As we continue our spiritual reflection in preparation for Christmas, it is worth meditating on St. John the Baptist. He is a good example for us. St. John’s whole life was determined by his vocation, that is, to prepare the people to receive Jesus. He carried out this task without holding back; he gave up his life for this purpose. He did not consider himself, not his desires or comforts. He did not say that he was the cousin of the God’s Son or that he was the son of Zachariah of the priestly tribe. No, he said that he was the voice of one crying in the wilderness, one who was not worthy to unfasten the sandal straps of Jesus.
John teaches us that one’s vocation encompasses one’s entire life. To be fulfilled and happy each of us has to be devoted to working in that vocation well. I must be a good technician, for instance, a good secretary, a good sales rep, etc. In doing so, each of us pleases God and helps society. Moreover, most have a primary vocation of being a good husband and father, a good wife and mother, a good neighbor. Fulfilling this vocation certainly brings happiness to those closest to us.
Like the Baptist, we should want to bring others to Jesus. By being friendly and helpful to others, we are preparing an environment that can be receptive to God. Each of us can ask ourselves certain key questions. Do I desire to bring the people around us closer to God? Do I give good example in the workplace, at home and in public places? Do I speak about God to my relatives, friends and colleagues?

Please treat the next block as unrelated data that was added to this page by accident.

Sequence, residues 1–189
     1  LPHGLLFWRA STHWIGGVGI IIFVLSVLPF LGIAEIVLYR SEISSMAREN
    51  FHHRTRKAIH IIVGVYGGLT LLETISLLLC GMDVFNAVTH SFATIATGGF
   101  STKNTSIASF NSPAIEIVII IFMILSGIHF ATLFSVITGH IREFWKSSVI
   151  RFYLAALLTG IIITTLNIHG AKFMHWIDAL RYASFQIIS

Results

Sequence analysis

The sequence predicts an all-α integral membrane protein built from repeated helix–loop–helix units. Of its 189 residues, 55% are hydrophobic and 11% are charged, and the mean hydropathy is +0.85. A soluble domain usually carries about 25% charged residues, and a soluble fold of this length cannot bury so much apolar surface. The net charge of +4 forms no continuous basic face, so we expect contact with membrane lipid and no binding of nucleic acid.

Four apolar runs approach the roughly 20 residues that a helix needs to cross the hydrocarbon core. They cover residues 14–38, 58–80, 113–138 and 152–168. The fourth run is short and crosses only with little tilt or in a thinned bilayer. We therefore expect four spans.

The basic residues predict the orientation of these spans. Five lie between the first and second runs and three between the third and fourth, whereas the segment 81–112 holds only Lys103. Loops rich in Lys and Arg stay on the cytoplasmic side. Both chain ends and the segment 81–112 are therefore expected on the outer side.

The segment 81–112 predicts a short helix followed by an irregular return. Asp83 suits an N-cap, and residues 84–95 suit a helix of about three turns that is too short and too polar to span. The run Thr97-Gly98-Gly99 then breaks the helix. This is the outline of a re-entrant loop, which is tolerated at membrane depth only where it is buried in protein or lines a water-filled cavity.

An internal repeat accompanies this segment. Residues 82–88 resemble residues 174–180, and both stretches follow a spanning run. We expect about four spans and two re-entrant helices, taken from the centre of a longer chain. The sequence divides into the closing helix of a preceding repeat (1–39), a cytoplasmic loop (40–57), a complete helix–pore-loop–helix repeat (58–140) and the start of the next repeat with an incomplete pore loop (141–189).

We should not make ourselves the center of attention. Without humility we cannot bring other to Jesus. What is important is that Christ should be announced, known and loved. Only He has the words of eternal life.
One most worthy way of imitating the zeal of St. John the Baptist is to invite someone to Church. We should not be hesitant to ask a friend, relative or coworker to come with us to Confession and to Mass. Sometimes such an invitation is much appreciated. This is something that we can always think about doing, not just now as we approach Christmas, but always throughout the year.